Given two tuples \(u,v\in\mathbb{R}^n\), the **dot product**
of \(u\) and \(v\), denoted by \(u\cdot v\), is defined to be the
quantity \[u_1v_1 + u_2v_2 + \cdots + u_nv_n.\]

For example, if \(u = \begin{bmatrix} 1 \\2 \\3\end{bmatrix}\) and \(v = \begin{bmatrix} 4 \\ 5 \\ 6\end{bmatrix}\), then \[u\cdot v = (1)(4)+ (2)(5) + (3)(6) = 4 + 10 + 18 = 32.\]

(Notice that the dot notation is overloaded and is used for multiplication in a field as well as the dot product of two tuples. As confusing as it might seem, the context will make it clear which is intended.)

We say that \(u, v\in \mathbb{R}^n\) are **orthogonal** if
\(u\cdot v = 0\).

When \(n = 2\) or \(n = 3\), if neither \(u\) nor \(v\) is the zero vector, then \(u \cdot v = 0\) if and only if the arrows representing \(u\) and \(v\) form a right angle. In fact, a bit more is known.

Let \(\theta\) denote the value of the smaller angle between the arrows representing \(u\) and \(v\). (We often refer to this angle simply as the angle between \(u\) and \(v\).) Then \[\cos\theta = \displaystyle\frac{u\cdot v}{\sqrt{u \cdot u}\sqrt{v \cdot v}}.\] Clearly, when \(u \cdot v = 0\), \(\theta = \frac{\pi}{2}\) radians, the measure of a right angle.

One often writes \(\|u\|\) for \(\sqrt{u\cdot u}\).
When \(n = 2\) or \(n = 3\), one can see from the Pythagorean Theorem
that \(\|u\|\) gives the length of the arrow representing \(u\).
For general \(n\), \(\|u\|\) is called the **norm** of \(\|u\|\)
and is the quantity \(\sqrt{u_1^2 + u_2^2 + \cdots + u_n^2}\).

A vector having norm \(1\) is called a **unit vector**.

**Remark**:
One can in fact show that for all integers \(n \geq 1\) and
\(u,v\in\mathbb{R}^n\),
\[|u\cdot v| \leq \|u\|\|v\|\]
This inequality is known as the Cauchy-Schwarz Inequality.
Hence,
\(\displaystyle\frac{|u\cdot v|}{\|u\|\|v\|}\leq 1\).
With this, one can
*define* the cosine of the angle between two
vectors \(u,v\in\mathbb{R}^n\)
as \(\displaystyle\frac{u\cdot v}{\|u\|\|v\|}\) even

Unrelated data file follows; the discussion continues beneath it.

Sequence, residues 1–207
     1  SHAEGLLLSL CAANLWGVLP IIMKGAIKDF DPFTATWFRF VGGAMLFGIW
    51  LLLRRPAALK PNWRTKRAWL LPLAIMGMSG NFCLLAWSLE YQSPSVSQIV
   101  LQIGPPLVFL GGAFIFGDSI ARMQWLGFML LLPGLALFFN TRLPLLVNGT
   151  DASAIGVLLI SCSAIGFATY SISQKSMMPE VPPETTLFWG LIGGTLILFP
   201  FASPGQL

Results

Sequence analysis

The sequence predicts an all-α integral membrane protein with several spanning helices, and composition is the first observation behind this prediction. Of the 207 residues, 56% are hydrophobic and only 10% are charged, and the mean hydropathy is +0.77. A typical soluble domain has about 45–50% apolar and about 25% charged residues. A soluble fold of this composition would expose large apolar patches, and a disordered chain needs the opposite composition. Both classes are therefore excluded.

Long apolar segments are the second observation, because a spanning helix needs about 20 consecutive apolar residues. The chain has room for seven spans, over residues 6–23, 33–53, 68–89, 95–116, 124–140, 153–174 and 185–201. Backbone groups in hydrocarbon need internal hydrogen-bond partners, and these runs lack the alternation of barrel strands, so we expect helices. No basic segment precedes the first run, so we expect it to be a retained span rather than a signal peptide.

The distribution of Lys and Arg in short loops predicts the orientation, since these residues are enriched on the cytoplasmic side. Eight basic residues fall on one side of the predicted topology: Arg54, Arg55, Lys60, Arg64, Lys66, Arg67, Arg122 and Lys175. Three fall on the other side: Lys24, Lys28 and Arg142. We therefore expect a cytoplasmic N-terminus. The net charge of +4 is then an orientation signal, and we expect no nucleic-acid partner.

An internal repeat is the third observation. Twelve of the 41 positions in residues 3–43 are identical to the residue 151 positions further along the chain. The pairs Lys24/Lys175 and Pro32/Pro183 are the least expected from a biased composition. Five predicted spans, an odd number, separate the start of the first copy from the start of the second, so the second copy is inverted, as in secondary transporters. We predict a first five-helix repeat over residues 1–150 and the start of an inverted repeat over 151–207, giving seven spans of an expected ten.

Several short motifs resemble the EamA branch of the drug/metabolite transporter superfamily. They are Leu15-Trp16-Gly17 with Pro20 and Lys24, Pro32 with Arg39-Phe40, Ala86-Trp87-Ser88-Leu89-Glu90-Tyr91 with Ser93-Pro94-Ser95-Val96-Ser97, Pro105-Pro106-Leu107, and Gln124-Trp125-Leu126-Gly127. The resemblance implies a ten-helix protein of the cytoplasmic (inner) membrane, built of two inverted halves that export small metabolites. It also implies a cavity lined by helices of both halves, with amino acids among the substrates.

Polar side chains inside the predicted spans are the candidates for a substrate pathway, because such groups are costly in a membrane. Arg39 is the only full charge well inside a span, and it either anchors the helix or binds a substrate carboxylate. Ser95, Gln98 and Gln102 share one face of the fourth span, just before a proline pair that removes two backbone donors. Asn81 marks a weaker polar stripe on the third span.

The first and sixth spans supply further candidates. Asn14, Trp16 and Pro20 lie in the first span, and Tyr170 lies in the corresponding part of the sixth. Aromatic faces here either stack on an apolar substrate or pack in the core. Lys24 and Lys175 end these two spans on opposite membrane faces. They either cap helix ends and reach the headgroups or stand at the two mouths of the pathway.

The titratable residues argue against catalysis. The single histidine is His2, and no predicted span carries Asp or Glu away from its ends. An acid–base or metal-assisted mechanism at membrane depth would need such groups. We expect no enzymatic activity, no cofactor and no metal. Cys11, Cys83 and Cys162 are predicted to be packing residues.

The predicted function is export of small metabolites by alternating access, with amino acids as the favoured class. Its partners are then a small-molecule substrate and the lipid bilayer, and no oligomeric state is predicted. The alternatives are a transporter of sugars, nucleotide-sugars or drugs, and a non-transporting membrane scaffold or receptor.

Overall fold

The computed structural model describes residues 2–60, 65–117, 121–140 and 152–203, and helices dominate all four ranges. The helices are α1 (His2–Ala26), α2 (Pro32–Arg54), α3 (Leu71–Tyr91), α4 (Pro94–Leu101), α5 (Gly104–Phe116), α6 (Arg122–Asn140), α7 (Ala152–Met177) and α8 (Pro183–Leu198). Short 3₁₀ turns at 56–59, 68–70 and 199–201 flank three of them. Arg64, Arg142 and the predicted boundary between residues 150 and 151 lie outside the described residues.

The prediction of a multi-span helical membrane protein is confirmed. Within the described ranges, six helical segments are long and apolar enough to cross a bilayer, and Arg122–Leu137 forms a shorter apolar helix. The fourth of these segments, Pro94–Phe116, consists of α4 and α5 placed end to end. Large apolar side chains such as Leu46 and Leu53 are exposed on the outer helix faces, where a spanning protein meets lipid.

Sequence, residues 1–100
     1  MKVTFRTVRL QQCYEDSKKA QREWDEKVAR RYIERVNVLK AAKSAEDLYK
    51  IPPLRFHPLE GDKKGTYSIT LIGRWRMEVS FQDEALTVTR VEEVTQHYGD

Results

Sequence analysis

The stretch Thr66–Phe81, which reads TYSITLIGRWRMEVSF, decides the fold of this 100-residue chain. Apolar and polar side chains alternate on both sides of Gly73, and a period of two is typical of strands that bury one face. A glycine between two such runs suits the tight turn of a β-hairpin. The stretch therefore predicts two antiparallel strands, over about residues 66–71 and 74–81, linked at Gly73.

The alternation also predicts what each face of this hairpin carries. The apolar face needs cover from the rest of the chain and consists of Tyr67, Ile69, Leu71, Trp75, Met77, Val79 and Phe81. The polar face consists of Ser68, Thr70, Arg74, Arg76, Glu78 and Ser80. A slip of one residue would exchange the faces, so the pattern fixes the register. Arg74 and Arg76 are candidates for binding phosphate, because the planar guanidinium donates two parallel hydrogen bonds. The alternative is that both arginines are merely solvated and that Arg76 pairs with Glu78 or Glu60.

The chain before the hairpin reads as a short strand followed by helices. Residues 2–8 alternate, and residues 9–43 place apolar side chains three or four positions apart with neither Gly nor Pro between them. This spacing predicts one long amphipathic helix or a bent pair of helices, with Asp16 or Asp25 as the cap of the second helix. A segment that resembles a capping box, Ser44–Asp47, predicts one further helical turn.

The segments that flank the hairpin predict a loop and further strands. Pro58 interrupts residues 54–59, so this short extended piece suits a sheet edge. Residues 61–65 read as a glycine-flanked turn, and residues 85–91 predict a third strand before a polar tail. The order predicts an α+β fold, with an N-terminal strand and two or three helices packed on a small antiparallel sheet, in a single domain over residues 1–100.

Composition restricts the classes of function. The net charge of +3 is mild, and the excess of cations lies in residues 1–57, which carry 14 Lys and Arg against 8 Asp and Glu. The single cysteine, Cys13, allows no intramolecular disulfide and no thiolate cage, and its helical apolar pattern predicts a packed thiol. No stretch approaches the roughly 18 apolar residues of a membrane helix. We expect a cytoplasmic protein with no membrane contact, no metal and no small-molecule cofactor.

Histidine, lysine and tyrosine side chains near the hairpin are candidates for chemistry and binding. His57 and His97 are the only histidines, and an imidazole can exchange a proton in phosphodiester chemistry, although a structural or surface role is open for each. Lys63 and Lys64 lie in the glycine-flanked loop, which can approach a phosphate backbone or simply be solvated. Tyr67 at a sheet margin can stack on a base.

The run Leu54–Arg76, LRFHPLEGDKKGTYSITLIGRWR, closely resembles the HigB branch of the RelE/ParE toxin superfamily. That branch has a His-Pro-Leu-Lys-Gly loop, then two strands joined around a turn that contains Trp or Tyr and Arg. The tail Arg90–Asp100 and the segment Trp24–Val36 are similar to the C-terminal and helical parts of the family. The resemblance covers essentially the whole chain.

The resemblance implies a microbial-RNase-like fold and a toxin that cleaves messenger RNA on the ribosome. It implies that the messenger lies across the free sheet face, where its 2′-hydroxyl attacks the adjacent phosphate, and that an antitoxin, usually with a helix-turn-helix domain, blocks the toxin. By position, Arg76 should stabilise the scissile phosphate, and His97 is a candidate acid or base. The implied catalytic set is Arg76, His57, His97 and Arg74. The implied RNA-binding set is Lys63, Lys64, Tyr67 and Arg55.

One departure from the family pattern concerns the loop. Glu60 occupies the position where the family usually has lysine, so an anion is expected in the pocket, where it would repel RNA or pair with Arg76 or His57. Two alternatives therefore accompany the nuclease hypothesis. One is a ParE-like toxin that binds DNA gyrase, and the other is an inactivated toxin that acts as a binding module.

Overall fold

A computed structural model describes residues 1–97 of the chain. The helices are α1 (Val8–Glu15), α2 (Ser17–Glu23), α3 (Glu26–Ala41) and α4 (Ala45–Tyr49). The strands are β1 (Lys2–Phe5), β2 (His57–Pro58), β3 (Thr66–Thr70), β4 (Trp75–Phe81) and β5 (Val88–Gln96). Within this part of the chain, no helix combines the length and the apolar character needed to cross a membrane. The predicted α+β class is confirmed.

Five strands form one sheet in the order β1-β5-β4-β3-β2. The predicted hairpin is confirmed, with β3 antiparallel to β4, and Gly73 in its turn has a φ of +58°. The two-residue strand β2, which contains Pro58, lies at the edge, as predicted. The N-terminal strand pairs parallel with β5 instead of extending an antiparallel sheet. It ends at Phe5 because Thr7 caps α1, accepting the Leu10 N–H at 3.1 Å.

for \(n \geq 4\). Clearly, one cannot visualize an angle beyond three
dimensions. However, the terminology is retained as an analogue for
higher dimensions.

Let \(u = \begin{bmatrix} 2 \\ 0\end{bmatrix}\) and \(v = \begin{bmatrix} 0 \\ -1 \end{bmatrix}\). Clearly, the angle between \(u\) and \(v\), call it \(\theta\), is \(\frac{\pi}{2}\) radians. (Recall that we take the smaller angle.) Thus \(\cos \theta = 0.\) One can also obtain this by applying the formula above: \[\cos\theta = \frac{u\cdot v}{\|u\|\|v\|} = \frac{ (2)(0) + (0)(-1) } {\|u\| \|v\|} = 0.\]

Let \(u = \begin{bmatrix} 3 \\ 3\end{bmatrix}\) and \(v = \begin{bmatrix} 0 \\ 2 \end{bmatrix}\). Clearly, the angle between \(u\) and \(v\), call it \(\theta\), is \(\frac{\pi}{4}\) radians. Thus \(\cos \theta = 1/\sqrt{2}.\) One can also obtain this by applying the formula above: \[\cos\theta = \frac{u\cdot v}{\|u\| \|v\|} = \frac{ (3)(0) + (3)(2) } {\sqrt{3^2+3^2}\sqrt{0^2+2^2}} = \frac{ 6 } {\sqrt{18}\sqrt{4}} = \frac{ 6 } {6\sqrt{2}} = \frac{ 1 } {\sqrt{2}}.\]

If \(u,v\in\mathbb{R}^n\), then \(u^\mathsf{T} v\) technically is a \(1\times 1\) matrix whose entry is \(u\cdot v\). However, one often for convenience regards a \(1\times 1\) matrix as the entry that it contains. In other words, one often writes \(u^\mathsf{T} v\) and \(u \cdot v\) interchangeably. The context usually makes it clear if \(u^\mathsf{T}v\) refers to a number or a matrix.

\(u = \begin{bmatrix} 2 \\ 3\end{bmatrix}\) and \(v = \begin{bmatrix} 4 \\ -1\end{bmatrix}\).

\(u = \begin{bmatrix} 1 \\ 1 \\ -1 \end{bmatrix}\) and \(v = \begin{bmatrix} 1 \\ -1 \\ 1 \end{bmatrix}\).

\(u = \begin{bmatrix} 1 \\ 0 \\ 0 \\ 1\end{bmatrix}\) and \(v = \begin{bmatrix} 0 \\ 1 \\ 1 \\ 0\end{bmatrix}\).